15 August 2011

National Records of Scotland

July 18

Off to Scotland we went for London Away, on a looooong bus ride with two or three other classes.  While we made two stops and watched several movies, by this point bus trips were getting old.
Finally we arrived at Dalkeith Palace, our lovely home for the next three days. We had to stand around in the lobby until we were assigned our rooms, and boy was I excited when I found out that while half our group was in the same room, I was in a double with Kimberly and no one else. Score!

We all dropped our stuff off in our rooms, and then met Dr. Welsh downstairs to see a little bit of Dalkeith the town.  We went down the main road and looked into some restaurants, and found the bus stop where we were meeting in the morning , and then everybody drifted off and did their own thing.

The next morning we met and took the bus into Edinburgh, to the General Register House.  We were early so Olivia and I went to get some caffeine while others went sightseeing, and then we all gathered up and went in. 
Our guide for the visit was Margaret McBryde, the Education Officer, a really nice woman who worked hard to give us a lot of good information.  First she took us upstairs, an interestingly twisty trip, to a conference room where we all sat for a slideshow.

On April 1st, the National Archives of Scotland merged with the General Register Office of Scotland to become the National Records of Scotland.  The NRS is contained in six buildings, with about 450 staff members.  Records begin in the 12th c and include birth/marriage/death and the census from 1841, along with government and  legal documents, deeds, photos, marriage contracts, wills, etc.  The oldest document is a grieve from King David I from the 1120s, granting land in Edinburgh to the church.

The main building is the General Register House, opened in 1779.  All of the ground floor is used by Scotland’s People, for public to come in and pay (or free between 10-12 and 2-4) to do genealogy or other research.  This gives access to all of the records that Scotland’s people holds and is really awesome if you have Scottish relatives like me.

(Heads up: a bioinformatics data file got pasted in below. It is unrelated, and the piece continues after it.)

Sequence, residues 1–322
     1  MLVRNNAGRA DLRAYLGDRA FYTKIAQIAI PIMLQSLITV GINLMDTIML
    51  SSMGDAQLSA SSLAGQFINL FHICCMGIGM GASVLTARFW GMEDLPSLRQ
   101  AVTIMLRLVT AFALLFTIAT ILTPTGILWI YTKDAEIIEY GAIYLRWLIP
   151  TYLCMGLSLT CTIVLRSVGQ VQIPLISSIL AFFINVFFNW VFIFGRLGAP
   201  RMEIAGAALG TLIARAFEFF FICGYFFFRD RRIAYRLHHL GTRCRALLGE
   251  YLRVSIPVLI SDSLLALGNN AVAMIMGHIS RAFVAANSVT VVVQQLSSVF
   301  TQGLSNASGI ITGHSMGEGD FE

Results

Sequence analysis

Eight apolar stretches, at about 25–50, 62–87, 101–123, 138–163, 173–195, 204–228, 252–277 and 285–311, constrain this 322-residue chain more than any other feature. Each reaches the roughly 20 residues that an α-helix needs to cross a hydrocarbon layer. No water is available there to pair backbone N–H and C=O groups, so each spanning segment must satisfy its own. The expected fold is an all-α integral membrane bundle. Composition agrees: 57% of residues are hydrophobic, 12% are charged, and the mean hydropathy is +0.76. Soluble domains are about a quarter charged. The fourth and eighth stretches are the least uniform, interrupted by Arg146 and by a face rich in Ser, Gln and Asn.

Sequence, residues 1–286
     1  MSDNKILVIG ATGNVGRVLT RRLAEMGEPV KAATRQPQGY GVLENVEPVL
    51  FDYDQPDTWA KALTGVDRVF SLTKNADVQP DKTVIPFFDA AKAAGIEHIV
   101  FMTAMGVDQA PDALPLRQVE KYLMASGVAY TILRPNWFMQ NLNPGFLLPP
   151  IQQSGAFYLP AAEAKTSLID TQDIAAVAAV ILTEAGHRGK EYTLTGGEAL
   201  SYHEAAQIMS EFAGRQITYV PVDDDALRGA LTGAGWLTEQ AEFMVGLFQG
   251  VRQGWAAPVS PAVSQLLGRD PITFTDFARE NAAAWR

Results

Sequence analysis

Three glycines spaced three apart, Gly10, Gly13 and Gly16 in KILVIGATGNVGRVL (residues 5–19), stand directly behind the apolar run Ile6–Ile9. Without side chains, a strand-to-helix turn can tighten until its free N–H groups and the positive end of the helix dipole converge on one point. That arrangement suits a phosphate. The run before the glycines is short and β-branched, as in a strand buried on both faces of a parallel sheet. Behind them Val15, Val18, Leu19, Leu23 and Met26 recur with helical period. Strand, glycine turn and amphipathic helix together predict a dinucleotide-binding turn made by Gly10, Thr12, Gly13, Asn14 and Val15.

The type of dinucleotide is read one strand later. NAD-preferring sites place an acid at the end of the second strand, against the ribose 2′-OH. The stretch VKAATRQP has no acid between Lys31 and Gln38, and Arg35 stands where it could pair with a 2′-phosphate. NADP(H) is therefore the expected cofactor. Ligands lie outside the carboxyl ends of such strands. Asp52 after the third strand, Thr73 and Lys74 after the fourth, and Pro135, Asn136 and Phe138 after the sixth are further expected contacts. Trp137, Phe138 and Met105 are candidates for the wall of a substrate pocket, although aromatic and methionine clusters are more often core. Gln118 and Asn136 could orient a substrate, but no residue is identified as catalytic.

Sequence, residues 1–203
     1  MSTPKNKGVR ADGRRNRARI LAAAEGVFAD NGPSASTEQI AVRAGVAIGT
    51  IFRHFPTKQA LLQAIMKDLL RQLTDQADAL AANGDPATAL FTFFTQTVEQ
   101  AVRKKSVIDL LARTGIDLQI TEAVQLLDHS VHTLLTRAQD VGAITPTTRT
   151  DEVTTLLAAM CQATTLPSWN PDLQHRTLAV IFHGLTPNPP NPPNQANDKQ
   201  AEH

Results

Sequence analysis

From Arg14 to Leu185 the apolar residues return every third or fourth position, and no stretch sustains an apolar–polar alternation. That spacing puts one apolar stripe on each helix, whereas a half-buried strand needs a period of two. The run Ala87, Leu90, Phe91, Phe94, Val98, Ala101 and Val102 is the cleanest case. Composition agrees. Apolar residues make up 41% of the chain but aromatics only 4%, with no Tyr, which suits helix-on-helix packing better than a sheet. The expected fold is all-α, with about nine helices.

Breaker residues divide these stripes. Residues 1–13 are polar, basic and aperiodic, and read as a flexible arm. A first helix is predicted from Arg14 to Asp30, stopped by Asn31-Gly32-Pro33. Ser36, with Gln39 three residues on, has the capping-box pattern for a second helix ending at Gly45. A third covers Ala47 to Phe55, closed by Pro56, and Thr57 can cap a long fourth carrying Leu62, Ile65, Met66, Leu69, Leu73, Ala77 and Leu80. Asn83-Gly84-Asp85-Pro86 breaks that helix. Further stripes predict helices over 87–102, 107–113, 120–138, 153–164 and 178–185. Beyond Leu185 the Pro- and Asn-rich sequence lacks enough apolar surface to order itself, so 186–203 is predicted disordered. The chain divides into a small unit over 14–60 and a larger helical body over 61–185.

The NRS is slowly making a move to digitization, as evidenced by the fact that so many of the records are available online now.  In 1995 the Thomas Thompson house was built outside the city for storage of the NRS’s most precious documents.  Recently an inquiry was done into records management in Scotland, and a new act was passed to make sure records are handled properly, as apparently it wasn’t very well regulated before and some records were in danger.

The NRS also has many websites under their umbrella, including the Scottish Register of Tartans, ScotlandsImages, Scottish Handwriting and Scottish Archives for Schools. 

We then looked at records on each table that Margaret had pulled for us, from Mississippi and other parts of US; there were letters, supply lists, a book listing people who were on support for poor, and maps, all handwritten.  This time everything was encased in mylar sleeves (phew) but it was still nice to be able to pick things up and really look at them.

Once we were finished perusing the records, Margaret took us on a tour of the building, showing us where patrons receive readers cards, where research can be done, and the beautiful round Adam Dome.  We also went through some of the conservation area, but as it’s not Margaret’s area she couldn’t give us too much information, plus we didn’t want to bug the conservationists.

I hadn’t realized before we walked in the building that Scotland’s People was there, and I was really excited that we were there because I had been planning on doing research there.  It was nice to know where I was supposed to go, and I did end up gong back on Wednesday and getting a lot of good information about my grandmother’s family.

*Photo of National Register House courtesy wikipedia

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